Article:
Essay about “The Tell-Tale Heart”

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“The Tell-Tale Heart” by Edgar Allan Poe is a first-person narrative short story that features a disguised-cum-mysterious narrator. The narrator does not reveal any interest while proving his innocence regarding the murder of the old man. Moreover, he makes us believe that he is in full control of his mind but yet suffering from a disease that causes him over acuteness of the senses. As we go through the story, we can find his obsession in proving his sanity. The narrator lives with an old man, who has a clouded, pale blue, vulture-like eye that makes him so vulnerable that he kills the old man. He confesses that there was no interest, no passion whatsoever in killing the old man, whom he loved. Throughout the story, the narrator directs…show more content…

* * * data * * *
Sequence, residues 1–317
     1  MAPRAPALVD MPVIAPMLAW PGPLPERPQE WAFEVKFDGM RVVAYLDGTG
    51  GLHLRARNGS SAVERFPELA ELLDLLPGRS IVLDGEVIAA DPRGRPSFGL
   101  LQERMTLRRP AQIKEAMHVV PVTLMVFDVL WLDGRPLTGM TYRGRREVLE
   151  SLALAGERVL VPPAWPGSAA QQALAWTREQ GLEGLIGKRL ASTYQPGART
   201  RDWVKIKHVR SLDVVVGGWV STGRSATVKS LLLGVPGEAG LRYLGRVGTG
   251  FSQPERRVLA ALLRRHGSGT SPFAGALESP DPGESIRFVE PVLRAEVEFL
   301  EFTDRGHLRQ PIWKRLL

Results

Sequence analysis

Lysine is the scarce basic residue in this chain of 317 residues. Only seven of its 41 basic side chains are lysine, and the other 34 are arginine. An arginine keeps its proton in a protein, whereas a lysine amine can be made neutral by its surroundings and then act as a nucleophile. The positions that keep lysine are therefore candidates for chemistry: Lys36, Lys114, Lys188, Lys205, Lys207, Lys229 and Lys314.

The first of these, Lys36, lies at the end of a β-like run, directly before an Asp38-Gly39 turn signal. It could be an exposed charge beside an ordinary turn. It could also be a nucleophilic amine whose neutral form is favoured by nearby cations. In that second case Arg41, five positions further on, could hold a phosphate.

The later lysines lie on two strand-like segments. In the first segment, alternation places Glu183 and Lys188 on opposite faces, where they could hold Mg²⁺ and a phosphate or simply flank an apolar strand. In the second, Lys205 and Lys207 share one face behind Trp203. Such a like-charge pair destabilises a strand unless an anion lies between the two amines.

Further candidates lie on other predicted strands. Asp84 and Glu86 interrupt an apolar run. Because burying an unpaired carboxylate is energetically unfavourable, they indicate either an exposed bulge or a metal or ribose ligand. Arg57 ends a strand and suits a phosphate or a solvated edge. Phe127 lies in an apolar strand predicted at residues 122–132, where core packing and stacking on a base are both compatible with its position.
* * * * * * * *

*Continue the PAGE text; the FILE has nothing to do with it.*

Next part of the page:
One of the fascinating aspects of this story is that it remains indistinguishable to whom the narrator is addressing his appeal to be found sane. It may be the police; or more likely a judge; or can also be the warden of the prison; or even a group of people gathered to witness him hung up during his execution (Tucker 95). Instead of attempting to prove his innocence, the narrator's long monologue becomes a case in which he tries to prove his sanity. Moreover, he tries to defend his sanity by explaining how wise and cautious he was as he was preparing for the murder. Every night he checked on the old man to make sure he got everything right and get ready to execute his plan. The narration lacks of a concrete explanation of the person or place to which it is addressed, which leaves much room for interpretation for the readers. What we can infer from the story is it is not addressed to the police officers since the narrator says he was successful in making them satisfied. Finally, the climax of the story comes as the revelation of the dead body hidden under the planks. Because the story is told as a memento, our estimation might be that the narrator is addressing a court official or personage who may influence over the judgment of the narrator. Therefore, the story that the narrator is telling is most accurately realized as an appeal for mercy rather

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